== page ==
By Andy Coulson
By now many of you who use Word 365 will have noticed the new Editor pane that handles spelling and grammar checking. Microsoft describes this as an ‘intelligent writing assistant’, as it also brings in ‘Refinements’ – looking at, and suggesting alternatives for, things such as conciseness and clarity. Editor uses artificial intelligence (AI) to analyse the language used, and suggests amendments to improve the overall readability of the text.
So, the big question is: ‘Is it any good for editors?’ Well, that’s a very mixed answer, as a lot depends on personal taste. For instance, Editor opens in a bar at the right of the screen. I like this presentation, as it is clear and makes good use of white space around the text, making it easy to read, often in comparison to densely packed manuscripts. However, Paul Beverley makes a very good point in ‘Taming Word 365’ that this takes a lot of screen area, which is true. As an aside, Paul is developing a macro that will work like the old spellchecker. Your set-up and preferences, such as the type of screen(s) you use, may colour your view of this. I suspect it will end up being a very Marmite (for non-UK readers, a love-it-or-hate-it) type of feature.
Personally, I’m not sure how much the underlying spellchecker and grammar checker have changed. They can work with multiple languages (provided those are selected in the document). The defaults are broadly sensible and reflect good practice – for example, double spaces at the start of sentences are now flagged. Both give you alternatives and suggestions about changing the flagged word or phrase. The new sidebar allows you to review and amend things in a much more intuitive way than the right-click menu options (which I must admit to a particular dislike of). The options against each of the choices are also kept to a short list and are, broadly, sensibly chosen. One interesting feature is that there are Read Aloud and Spell Out options, and while I’m not sure how useful these are to me, I can see where they might be a help.
The grammar checker is very customisable, with simple descriptions in the options backed up by more comprehensive descriptions in the options (even via the dreaded right-click), perhaps backed with examples so you can decide whether or not to use the option. I noticed that it doesn’t, for example, check for the use of ‘which’ versus ‘that’, so it is not necessarily comprehensive or foolproof. There is still plenty of room for judgement, experience and author voice.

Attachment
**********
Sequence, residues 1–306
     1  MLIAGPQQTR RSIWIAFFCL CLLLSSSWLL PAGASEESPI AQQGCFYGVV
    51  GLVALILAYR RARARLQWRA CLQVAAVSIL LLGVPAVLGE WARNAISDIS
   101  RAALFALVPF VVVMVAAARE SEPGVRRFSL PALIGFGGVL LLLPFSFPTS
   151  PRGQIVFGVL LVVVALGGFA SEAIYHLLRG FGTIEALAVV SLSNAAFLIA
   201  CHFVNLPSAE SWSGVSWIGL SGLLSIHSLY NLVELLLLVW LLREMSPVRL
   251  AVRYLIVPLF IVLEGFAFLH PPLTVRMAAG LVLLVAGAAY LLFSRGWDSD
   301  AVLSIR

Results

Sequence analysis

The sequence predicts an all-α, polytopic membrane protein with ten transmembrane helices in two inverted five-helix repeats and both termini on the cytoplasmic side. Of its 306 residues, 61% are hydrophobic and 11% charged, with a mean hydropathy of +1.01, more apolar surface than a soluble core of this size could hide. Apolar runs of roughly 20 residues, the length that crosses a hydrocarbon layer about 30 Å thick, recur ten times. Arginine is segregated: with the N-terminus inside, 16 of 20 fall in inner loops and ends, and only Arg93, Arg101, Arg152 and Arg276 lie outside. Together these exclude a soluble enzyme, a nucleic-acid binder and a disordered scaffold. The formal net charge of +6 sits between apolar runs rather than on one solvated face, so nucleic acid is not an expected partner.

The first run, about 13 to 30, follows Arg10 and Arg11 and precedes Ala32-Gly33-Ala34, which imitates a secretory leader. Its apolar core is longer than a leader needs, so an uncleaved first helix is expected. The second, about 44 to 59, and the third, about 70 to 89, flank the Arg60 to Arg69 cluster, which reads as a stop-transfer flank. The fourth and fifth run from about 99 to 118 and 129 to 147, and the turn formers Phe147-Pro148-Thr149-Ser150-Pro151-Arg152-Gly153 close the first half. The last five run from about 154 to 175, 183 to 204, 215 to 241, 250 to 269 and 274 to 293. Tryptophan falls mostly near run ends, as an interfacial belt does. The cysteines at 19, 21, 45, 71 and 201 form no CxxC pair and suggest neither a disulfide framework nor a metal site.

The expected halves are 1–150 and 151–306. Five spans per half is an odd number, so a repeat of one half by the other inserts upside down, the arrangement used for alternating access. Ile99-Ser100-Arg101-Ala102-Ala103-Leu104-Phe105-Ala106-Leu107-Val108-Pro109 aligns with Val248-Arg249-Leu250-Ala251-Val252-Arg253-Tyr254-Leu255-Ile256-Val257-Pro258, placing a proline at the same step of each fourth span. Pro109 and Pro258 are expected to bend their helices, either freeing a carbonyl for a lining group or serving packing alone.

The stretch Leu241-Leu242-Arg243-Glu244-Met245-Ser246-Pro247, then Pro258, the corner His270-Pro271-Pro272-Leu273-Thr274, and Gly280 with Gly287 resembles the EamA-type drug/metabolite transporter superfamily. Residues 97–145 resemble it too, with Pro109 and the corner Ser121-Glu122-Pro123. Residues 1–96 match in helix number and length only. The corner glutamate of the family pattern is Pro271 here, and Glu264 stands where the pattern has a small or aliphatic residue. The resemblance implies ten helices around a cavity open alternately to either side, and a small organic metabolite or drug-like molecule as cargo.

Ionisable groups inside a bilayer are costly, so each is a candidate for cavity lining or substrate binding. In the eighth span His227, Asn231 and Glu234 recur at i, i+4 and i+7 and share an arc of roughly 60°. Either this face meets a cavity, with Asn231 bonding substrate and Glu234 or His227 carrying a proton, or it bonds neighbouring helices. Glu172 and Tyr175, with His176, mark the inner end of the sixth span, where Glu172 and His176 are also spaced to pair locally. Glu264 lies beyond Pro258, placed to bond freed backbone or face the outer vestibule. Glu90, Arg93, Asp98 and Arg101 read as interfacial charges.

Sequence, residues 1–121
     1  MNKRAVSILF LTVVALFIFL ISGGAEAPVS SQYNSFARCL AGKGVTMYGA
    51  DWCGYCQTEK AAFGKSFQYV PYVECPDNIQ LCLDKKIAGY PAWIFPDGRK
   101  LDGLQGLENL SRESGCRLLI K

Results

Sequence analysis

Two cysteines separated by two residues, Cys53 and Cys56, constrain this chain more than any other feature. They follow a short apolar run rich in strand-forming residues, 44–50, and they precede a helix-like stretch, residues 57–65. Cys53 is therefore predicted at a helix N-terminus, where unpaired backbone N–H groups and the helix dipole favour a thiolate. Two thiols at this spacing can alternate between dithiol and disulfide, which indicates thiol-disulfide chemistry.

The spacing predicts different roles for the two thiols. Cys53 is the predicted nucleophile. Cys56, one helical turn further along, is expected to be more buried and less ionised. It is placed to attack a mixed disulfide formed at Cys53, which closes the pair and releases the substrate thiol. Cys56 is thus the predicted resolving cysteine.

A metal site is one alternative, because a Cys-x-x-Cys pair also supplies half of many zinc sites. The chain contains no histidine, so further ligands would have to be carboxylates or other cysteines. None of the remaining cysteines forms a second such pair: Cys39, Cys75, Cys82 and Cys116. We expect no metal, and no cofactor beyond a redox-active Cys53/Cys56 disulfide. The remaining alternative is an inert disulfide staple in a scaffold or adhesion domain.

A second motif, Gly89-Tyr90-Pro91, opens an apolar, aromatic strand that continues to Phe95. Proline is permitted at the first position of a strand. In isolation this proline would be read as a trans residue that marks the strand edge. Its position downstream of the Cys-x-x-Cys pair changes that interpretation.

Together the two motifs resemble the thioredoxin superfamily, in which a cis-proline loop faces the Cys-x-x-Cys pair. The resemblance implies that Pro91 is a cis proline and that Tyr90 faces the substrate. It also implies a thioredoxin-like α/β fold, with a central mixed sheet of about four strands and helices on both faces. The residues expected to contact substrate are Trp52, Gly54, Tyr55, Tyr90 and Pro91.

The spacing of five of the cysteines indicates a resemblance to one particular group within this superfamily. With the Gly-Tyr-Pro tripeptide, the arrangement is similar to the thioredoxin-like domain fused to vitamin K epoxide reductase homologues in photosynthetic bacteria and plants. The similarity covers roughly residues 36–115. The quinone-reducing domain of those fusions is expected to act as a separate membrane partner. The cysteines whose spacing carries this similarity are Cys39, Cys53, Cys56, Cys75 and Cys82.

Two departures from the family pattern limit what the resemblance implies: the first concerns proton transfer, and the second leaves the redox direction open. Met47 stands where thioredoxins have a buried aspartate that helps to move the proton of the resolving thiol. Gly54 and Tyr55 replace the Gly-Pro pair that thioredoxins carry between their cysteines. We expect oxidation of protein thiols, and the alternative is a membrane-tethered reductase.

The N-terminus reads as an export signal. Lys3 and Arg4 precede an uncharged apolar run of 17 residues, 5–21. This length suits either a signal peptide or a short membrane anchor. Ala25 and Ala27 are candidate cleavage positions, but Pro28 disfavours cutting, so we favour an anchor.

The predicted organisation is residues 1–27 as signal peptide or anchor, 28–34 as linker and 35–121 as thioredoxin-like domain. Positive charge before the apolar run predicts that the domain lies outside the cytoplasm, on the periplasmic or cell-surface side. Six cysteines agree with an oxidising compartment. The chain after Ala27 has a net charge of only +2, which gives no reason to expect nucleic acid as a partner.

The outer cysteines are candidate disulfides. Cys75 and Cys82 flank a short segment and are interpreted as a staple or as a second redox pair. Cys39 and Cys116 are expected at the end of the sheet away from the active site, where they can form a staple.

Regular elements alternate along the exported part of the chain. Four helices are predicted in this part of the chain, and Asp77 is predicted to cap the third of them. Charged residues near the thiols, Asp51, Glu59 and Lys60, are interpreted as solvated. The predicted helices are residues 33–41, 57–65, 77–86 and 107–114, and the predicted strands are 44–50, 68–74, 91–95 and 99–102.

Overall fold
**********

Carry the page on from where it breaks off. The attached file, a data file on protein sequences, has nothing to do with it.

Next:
The big addition is the Refinements section that gives suggestions under the headings of Clarity, Conciseness, Formality, Inclusiveness, Punctuation Conventions and Vocabulary. These are all quite configurable through the options. I’m not a heavy user of this, so I don’t know whether the AI will improve the results, but my initial use left me underwhelmed. In some areas it was, to my mind, overly prescriptive and in others (eg Inclusiveness) it does not pick up very real problems. Again, I think the options could be better explained to give a sense of what the broader intention of the check is, allowing the user to make a more informed choice.
My main conclusion is that this feature is not aimed at editors, but at writers. The clue is in the name – it is targeted at being an editor replacement. At present I’m not overly worried about my job, but it is certainly a useful complement to a human editor. Compared with PerfectIt or Paul Beverley’s macros, it is clearly quite a blunt instrument. However, I don’t think that is an entirely fair comparison. Looking at it as a language professional perhaps misses the point of it. PerfectIt and macros allow you to focus in at a much more detailed level and adapt what you do to suit different clients. This is a level of depth that I’m not sure many writers will go to, particularly if they know the text will be further reviewed or edited. Editor will help many writers but tends towards homogenised text. This still leaves plenty of room for human editors to bring out the nuance and texture in the writing, and also to deal with the narrative thread through a piece of writing.
‘What’s e-new?’ was a regular column in the SfEP’s magazine for members, Editing Matters. The column has moved onto the blog until its new home on the CIEP website is ready.
Members can browse the Editing Matters back catalogue through the Members’ Area.
Proofread by Andrew Macdonald Powney, Entry-Level Member.
Posted by Abi Saffrey, CIEP blog coordinator.
The views expressed here do not necessarily reflect those of the CIEP.